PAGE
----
Lost Journal: What’s with the White Plastic Bags on Disabled Cars?

By Tim Mollen

Journal Entry: August 4, 2006 (age 37)

Today, my wife, Amanda, and I drove 300 miles to attend a family reunion in Fairlee, Vermont.  To be more exact, we drove 255 miles before breaking down on Interstate 91.  A loud RAP-RAP-RAP-RAP sound was followed by billows of foul smoke, forcing us to pull over.

As we sat in our disabled vehicle, a hundred thoughts raced through my brain.  Who in my family will want to leave the resort’s welcome barbeque to come pick us up? Will they bring us hot dogs?  Will the hot dogs plump when you cook ‘em?  Who do we call for a tow?  How are we going to get the car back to Binghamton?  Where is the nearest restroom?  But one question towered above the others:

Where are we going to get a white plastic bag to stick halfway out of one of the car windows?

I have never known exactly what a white plastic bag is supposed to signify, but the fact that every disabled vehicle I’ve ever seen has had one indicated that we should get one now.  Perhaps I could flag down someone headed home from the grocery store, and ask them to empty out a sack of sundries.  Or maybe I could get a white T-shirt from my luggage and use it as a white-plastic-bag-lookalike. Would that count?

In my head, I reviewed all the past theories I have come up with regarding the ubiquitous, white plastic bag.  Do most drivers carry a stash of them in their glove compartments in case of emergency?  If so, what do they hope to communicate to passing traffic?  (“Hey everybody – this empty car is only parked here on the side of a busy interstate until I work enough overtime to pay for a new carburetor.”)  Is the bag placed as a symbol of surrender to the Fates, admitting to the divine puppeteers of the Universe that yes, we know we should have signed up for AAA?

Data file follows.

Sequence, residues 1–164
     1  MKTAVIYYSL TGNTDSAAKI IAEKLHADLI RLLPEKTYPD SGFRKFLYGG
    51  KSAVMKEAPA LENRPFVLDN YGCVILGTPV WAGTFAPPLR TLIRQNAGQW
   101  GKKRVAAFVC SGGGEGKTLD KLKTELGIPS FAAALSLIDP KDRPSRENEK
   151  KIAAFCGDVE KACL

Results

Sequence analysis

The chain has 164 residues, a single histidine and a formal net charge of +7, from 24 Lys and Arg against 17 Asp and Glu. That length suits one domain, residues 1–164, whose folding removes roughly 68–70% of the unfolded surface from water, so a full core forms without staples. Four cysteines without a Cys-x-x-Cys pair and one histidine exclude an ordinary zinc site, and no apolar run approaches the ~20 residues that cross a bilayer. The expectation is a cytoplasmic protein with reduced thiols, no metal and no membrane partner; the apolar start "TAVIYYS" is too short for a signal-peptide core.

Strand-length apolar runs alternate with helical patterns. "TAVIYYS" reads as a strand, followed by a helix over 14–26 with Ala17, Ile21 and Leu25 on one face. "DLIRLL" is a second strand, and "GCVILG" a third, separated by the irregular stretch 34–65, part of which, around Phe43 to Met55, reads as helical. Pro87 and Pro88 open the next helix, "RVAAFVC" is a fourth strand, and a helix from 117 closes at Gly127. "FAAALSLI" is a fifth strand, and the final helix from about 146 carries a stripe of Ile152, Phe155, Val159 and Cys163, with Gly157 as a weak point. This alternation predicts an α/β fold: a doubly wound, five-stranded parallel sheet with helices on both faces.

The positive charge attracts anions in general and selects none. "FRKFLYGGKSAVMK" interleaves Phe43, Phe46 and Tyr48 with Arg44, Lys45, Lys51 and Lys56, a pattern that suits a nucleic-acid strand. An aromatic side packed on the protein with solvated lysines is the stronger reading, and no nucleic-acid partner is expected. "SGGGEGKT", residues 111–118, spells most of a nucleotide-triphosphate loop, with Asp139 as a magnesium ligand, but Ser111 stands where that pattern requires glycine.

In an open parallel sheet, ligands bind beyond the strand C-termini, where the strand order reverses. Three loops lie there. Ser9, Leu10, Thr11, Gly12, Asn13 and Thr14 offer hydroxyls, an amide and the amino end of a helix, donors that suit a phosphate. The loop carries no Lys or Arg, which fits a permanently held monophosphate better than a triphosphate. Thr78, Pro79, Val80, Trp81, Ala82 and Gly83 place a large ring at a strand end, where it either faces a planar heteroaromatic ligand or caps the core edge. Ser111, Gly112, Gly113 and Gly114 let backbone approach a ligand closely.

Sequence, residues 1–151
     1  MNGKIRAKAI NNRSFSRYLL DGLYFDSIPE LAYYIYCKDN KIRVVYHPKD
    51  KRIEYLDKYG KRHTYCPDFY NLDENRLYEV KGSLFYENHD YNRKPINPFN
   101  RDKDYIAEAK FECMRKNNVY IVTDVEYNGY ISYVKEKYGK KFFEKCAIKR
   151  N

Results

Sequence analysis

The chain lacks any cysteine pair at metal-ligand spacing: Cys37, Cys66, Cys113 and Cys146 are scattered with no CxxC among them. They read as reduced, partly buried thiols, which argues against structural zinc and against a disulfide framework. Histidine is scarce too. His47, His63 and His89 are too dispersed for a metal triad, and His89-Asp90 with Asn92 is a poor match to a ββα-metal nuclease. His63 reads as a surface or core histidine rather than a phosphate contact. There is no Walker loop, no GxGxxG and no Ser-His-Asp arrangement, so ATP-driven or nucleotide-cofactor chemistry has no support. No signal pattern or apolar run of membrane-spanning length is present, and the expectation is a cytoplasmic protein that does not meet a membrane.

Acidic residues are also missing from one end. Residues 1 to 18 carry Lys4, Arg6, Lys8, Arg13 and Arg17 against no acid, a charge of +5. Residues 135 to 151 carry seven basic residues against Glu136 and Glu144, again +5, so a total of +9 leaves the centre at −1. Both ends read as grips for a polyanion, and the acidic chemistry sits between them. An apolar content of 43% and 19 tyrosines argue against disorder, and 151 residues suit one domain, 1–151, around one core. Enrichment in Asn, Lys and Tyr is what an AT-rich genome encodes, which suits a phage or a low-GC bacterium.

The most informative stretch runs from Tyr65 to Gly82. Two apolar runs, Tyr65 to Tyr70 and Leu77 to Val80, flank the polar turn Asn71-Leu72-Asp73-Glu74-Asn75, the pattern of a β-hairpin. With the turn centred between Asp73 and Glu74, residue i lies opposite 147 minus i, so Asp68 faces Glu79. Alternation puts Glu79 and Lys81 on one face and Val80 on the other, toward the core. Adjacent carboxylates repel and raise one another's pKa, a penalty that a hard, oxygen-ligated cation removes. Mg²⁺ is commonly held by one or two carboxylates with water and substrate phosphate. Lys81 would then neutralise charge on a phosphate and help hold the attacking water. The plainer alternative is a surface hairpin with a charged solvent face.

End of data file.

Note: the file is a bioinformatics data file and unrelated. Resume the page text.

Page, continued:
Or perhaps the bags are placed by people other than the drivers of the cars.  Do tow truck drivers use them to “claim” cars that they will be back to pick up after they go get a bucket of mackerel at Long John Silver’s?  Do gang members use them as “tag bags,” claiming the vehicle for their boyz?  Are public relations personnel from the Hefty Corporation tapping a new marketing niche?

The gravity of my current situation caused me to think in even more creative terms. Could it be that an abandoned car gets lonely?  If so, the rear and side airbags might seize the opportunity offered by their newfound privacy and mate – producing small, white plastic offspring.  The baby air bag would then do its best to escape the vehicle and, presumably, go for help.  I explained this theory to Amanda, and she looked at me with genuine concern.  “I know we didn’t hit anything, but could you have gotten a concussion?”

Just then a passing tow truck driver pulled over to help us.  How he found us without a white plastic bag in our window, I’ll never know.

Tim Mollen
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